Cloud and Open Source: Engines of Disruption
The sea change that many quants and data scientists are witnessing is that the processing power needed for high end computing tasks is now much more affordable and increasingly available via private cloud infrastructure and public cloud providers. This, combined with Open Source Software (OSS), has emboldened a new generation of entrepreneurs to challenge financial business as usual with only an algorithm, a business model and a dream.
The explosion of interest in OSS machine learning and big data platforms is also a clear indicator of the nature of the disruption to the old-world order in financial services. Open source platforms such as Apache Spark, TensorFlow and other machine learning platforms are attracting a growing number of developers who want to turn OSS big data innovations into new services. These OSS platforms are designed to scale to handle the huge data volumes that make machine learning and big data analytics come to life. The scale of these projects puts significant pressure on IT operations and DevOps to maximize the efficiencies and performance of their computing resources.
Use Case: Risk is Predictable
Risk continues to be of critical importance across financial services segments. While there are many forms of risk, the most common form of risk across all financial segments is surrounding cybercrime and fraud. There is also a post-financial crisis regulatory aspect of risk management that forces lenders to know precisely how much capital they need in reserve. Keep too much and you tie up capital unnecessarily, lowering profit. Keep too little and you run afoul of Basel III regulations.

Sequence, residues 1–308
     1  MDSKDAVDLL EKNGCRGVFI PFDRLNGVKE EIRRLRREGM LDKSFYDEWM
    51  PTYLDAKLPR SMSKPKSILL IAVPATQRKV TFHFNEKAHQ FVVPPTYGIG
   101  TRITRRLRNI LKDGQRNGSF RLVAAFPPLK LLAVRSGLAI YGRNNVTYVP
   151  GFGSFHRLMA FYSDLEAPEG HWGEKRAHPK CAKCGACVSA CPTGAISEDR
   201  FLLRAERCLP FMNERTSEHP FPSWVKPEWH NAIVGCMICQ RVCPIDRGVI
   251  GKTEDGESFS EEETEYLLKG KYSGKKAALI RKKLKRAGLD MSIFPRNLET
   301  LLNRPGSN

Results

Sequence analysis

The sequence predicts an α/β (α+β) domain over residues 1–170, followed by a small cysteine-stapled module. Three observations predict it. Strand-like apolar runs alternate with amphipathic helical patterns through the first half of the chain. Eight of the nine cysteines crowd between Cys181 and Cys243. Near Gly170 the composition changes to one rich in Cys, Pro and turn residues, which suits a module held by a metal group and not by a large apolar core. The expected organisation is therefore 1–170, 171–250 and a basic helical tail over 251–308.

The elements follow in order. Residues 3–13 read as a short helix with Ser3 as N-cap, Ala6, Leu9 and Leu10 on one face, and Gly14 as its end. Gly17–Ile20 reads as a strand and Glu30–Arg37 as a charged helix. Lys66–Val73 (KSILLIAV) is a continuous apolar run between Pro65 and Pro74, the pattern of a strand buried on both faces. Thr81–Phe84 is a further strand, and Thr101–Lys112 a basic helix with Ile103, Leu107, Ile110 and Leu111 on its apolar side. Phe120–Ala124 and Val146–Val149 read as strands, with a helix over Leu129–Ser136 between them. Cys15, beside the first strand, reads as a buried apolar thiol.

Figure 2: Big Data in Risk Management
There is great promise in new big data and machine learning technologies to enable lenders to tap into an ever-deepening pool of new data to analyze all aspects of risk and fraud. Identifying risk and fraud can require huge data volumes and large compute clusters which are typical of modern big data systems.
Fraud detection is a classic example of predictive analytics at work. For data scientists, fraud can be determined precisely by building the right scoring model and associating the scoring model with actual business costs. These fraud models identify the rules of what constitutes the fraud, and then those models crunch through the relevant data sets to identify the cost of the fraud versus the cost to detect the fraud. Therefore, cluster performance of the big data platform is becoming increasingly critical.
Use Case: Algorithmic Trading and Analytics
While using advanced algorithms to make informed trades is not new, its widespread adoption and applicability to a broader profile of traders is noteworthy. Today, asset managers, fintech companies and even retail banks are looking to provide richer analytics, daily forecasts, market advisories and recommendations to both industry and consumers. Both disruptive startups and well established financial firms invest heavily on adding speed and sophistication to automated system trading. This is putting increased stress on cloud and big data infrastructure.